To construct a mutex we simply allocate a new atomic:

# let mutex () = Atomic.make Unlocked
val mutex : unit -> state Atomic.t = <fun>

The unlock operation just marks the mutex as unlocked and then wakes up all the awaiters:

# let rec unlock t =
    match t Unlocked with
    | Unlocked -> invalid_arg "mutex: already unlocked"
    | Locked awaiters -> List.iter ((|>) ()) awaiters
val unlock : state Atomic.t -> unit = <fun>

The lock operation is more complex:

# let rec lock t =
    match Atomic.get t with
    | Unlocked ->
      if not (Atomic.compare_and_set t Unlocked (Locked [])) then
        lock t
    | Locked awaiters as before ->
      let dla = Domain_local_await.prepare_for_await () in
      let after = Locked (dla.release :: awaiters) in
      if Atomic.compare_and_set t before after then
        match dla.await () with
        | () -> lock t
        | exception cancellation_exn ->
          let rec cleanup () =
            match Atomic.get t with
            | Unlocked -> ()
            | Locked awaiters as before ->
              if List.for_all ((==) dla.release) awaiters then
                let after =
                  Locked (List.filter ((!=) dla.release) awaiters)
                if not (Atomic.compare_and_set t before after) then
                  cleanup ()
          cleanup ();
          raise cancellation_exn
        lock t
val lock : state Atomic.t -> unit = <fun>

In case the mutex is already locked, domain-local-await is used to await until the mutex is unlocked and the corresponding release is called. In case await raises, unlock makes sure to remove the release operation from the mutex to avoid a potential space leak.

Let's then use the mutex in a simple example of increment a counter from multiple domains:

# let mutex = mutex ()
val mutex : state Atomic.t = <abstr>

# let counter = ref 0
val counter : int ref = {contents = 0}

# let domains = List.init 3 @@ fun _ ->
    Domain.spawn @@ fun () ->
    for _ = 1 to 10000 do
      lock mutex;
      incr counter;
      unlock mutex;
val domains : unit Domain.t list = [<abstr>; <abstr>; <abstr>]

# List.iter Domain.join domains
- : unit = ()

# !counter
- : int = 30000

Note that, like with the previous lazy implementation, the above mutex implementation is intentionally kept relatively simple and can be improved in various ways. It would make sense to use a backoff in case of contention. The representation could also be optimized to reduce memory usage. The above mutex implementation is also unfair.

Example: Awaitable atomic locations

Let's implement a simple awaitable atomic location abstraction. An awaitable location contains both the current value of the location and a list of awaiters, which are just unit -> unit functions:

type 'a awaitable_atomic = ('a * (unit -> unit) list) Atomic.t

The constructor of awaitable locations just pairs the initial value with an empty list of awaiters:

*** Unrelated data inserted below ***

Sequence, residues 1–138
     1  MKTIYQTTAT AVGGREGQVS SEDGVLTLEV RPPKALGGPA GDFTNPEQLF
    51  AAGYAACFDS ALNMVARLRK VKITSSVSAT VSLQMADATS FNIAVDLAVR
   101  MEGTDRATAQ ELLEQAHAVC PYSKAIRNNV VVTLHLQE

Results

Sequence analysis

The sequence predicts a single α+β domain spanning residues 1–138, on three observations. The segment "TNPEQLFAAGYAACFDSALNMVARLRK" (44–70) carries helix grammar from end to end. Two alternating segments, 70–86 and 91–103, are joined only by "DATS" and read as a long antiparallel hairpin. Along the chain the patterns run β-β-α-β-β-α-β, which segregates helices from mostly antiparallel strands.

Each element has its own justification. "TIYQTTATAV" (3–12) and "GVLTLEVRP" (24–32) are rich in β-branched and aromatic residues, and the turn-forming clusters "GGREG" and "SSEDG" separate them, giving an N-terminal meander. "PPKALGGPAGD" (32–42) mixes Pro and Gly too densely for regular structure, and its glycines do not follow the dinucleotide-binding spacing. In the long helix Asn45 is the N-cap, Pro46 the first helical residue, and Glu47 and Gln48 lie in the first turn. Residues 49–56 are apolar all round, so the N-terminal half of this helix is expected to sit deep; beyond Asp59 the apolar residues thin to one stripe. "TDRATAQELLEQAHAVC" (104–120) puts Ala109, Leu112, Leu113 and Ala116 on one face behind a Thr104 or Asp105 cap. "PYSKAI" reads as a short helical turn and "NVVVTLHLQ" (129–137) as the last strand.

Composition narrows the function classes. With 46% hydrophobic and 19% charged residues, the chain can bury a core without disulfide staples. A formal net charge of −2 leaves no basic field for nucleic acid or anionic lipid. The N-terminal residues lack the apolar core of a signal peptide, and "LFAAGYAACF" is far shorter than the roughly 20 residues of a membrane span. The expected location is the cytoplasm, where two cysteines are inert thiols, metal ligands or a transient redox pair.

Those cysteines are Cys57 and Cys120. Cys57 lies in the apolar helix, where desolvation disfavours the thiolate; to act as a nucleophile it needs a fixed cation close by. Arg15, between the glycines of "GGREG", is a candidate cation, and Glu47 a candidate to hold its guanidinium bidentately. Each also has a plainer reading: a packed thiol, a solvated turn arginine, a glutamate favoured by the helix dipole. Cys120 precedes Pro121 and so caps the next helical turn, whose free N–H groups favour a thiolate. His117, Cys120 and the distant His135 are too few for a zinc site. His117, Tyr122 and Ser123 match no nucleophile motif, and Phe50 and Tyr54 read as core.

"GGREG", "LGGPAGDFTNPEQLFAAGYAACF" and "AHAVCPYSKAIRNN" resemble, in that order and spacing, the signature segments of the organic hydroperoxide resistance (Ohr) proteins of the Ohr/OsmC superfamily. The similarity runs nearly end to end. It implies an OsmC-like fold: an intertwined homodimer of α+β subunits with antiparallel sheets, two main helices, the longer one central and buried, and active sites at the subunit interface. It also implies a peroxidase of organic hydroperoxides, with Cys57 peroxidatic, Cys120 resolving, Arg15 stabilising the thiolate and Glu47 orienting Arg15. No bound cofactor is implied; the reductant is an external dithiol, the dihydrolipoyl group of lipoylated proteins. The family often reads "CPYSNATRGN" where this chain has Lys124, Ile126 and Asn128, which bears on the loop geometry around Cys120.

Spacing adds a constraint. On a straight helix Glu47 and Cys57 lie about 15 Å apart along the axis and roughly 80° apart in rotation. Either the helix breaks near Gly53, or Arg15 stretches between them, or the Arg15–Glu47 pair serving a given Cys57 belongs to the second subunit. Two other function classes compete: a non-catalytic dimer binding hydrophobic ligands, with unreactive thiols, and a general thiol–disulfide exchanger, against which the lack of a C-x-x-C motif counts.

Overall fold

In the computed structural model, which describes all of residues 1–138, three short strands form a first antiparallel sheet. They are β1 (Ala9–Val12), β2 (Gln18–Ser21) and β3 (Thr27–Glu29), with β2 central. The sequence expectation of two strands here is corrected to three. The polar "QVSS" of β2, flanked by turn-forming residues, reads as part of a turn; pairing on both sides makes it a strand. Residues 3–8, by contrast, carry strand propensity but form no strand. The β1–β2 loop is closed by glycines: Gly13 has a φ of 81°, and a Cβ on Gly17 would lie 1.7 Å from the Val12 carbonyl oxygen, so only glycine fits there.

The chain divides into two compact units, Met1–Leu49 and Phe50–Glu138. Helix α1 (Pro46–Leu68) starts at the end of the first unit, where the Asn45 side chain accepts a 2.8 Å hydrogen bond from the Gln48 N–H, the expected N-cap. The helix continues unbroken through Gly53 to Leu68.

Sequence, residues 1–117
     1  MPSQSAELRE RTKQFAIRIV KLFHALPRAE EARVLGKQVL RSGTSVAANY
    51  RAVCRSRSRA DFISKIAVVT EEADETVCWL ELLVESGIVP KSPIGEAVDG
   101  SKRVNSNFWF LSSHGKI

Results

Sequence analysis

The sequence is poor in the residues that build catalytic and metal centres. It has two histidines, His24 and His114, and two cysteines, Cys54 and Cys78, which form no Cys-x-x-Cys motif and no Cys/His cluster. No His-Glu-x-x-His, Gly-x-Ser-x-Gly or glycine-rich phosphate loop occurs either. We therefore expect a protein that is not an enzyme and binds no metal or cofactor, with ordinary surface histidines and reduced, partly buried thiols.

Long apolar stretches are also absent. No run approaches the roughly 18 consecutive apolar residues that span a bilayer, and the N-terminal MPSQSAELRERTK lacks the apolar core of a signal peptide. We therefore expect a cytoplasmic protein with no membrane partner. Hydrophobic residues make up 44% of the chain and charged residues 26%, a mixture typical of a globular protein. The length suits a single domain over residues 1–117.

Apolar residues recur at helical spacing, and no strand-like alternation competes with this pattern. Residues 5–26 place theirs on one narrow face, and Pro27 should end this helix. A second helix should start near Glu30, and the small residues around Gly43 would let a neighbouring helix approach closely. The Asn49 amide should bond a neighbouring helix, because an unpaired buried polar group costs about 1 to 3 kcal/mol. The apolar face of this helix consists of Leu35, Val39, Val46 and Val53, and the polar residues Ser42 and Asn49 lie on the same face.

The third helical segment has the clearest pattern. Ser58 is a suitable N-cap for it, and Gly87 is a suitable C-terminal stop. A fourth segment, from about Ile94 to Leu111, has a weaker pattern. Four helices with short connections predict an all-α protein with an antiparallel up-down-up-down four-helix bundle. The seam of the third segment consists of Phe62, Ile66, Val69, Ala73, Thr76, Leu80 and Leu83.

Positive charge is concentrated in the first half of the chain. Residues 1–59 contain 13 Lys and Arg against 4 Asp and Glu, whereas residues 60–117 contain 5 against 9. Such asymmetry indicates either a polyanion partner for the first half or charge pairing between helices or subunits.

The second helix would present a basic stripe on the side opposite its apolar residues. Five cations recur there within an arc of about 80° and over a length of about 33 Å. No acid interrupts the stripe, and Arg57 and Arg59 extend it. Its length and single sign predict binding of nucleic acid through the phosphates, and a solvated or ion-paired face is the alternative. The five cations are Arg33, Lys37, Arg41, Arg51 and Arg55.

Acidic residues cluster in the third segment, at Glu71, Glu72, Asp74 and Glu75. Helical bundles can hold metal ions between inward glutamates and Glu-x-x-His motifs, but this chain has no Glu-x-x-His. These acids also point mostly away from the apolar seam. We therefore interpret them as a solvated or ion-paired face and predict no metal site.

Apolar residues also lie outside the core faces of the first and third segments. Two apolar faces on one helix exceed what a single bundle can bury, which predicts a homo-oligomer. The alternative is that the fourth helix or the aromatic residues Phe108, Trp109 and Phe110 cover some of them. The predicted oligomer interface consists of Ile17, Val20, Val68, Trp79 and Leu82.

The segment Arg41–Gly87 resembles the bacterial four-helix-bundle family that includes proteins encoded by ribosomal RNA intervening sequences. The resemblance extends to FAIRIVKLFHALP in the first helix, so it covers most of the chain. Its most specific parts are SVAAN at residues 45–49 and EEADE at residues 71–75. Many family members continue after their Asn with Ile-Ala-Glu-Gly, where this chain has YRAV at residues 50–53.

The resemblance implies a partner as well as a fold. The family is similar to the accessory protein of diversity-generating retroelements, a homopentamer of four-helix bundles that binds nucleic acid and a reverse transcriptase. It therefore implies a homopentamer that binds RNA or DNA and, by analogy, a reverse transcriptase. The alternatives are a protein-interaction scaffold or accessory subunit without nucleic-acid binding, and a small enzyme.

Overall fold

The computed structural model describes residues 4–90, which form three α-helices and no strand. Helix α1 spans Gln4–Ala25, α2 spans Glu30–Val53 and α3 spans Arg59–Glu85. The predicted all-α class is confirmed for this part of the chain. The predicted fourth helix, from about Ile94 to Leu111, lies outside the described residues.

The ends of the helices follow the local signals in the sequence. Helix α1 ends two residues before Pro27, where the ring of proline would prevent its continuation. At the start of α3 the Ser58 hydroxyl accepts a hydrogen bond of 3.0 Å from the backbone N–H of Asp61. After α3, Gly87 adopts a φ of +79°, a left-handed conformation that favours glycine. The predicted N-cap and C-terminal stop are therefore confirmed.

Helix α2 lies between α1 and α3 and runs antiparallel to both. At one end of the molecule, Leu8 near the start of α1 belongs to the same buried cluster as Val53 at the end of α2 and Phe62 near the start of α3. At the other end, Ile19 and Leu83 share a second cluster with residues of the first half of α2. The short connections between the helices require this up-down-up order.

# let awaitable_atomic v : _ awaitable_atomic = Atomic.make (v, [])
val awaitable_atomic : 'a -> 'a awaitable_atomic = <fun>

Operations that modify awaitable locations, like fetch_and_add, need to call the awaiters to wake them up after a successful modification:

# let rec fetch_and_add x n =
    let (i, awaiters) as was = Atomic.get x in
      if Atomic.compare_and_set x was (i+n, []) then begin
          List.iter ((|>) ()) awaiters;
        fetch_and_add x n
val fetch_and_add : (int * (unit -> unit) list) Atomic.t -> int -> int =

We can also have read-only operations, like get_as, that can be used to await for an awaitable location to have a specific value:

# let rec get_as fn x =
    let (v, awaiters) as was = Atomic.get x in
    match fn v with
    | Some w -> w
    | None ->
      let dla = Domain_local_await.prepare_for_await () in
      if Atomic.compare_and_set x was (v, dla.release :: awaiters) then
        match dla.await () with
        | () -> get_as fn x
        | exception cancelation_exn ->
          let rec cleanup () =
            let (w, awaiters) as was = Atomic.get x in
            if v == w then
              let awaiters = List.filter ((!=) dla.release) awaiters in
              if not (Atomic.compare_and_set x was (w, awaiters))
              then cleanup ()
          cleanup ();
          raise cancelation_exn
        get_as fn x
val get_as : ('a -> 'b option) -> ('a * (unit -> unit) list) Atomic.t -> 'b =

Notice that we carefully cleaned up in case the await was canceled.

We could, of course, also have operations that potentially awaits for the location to have an acceptable value before attempting modification. Let's leave that as an exercise.

To test awaitable locations, let's first create a location:

# let x = awaitable_atomic 0
val x : int awaitable_atomic = <abstr>

And let's then create a thread that awaits until the value of the location has changed and then modifies the value of the location:

# let a_thread =
    |> Thread.create @@ fun () ->
       get_as (fun x -> if x = 0 then None else Some ()) x;
       fetch_and_add x 21 |> ignore
val a_thread : Thread.t = <abstr>

The other thread is now awaiting for the initial modification:

# assert (0 = fetch_and_add x 21)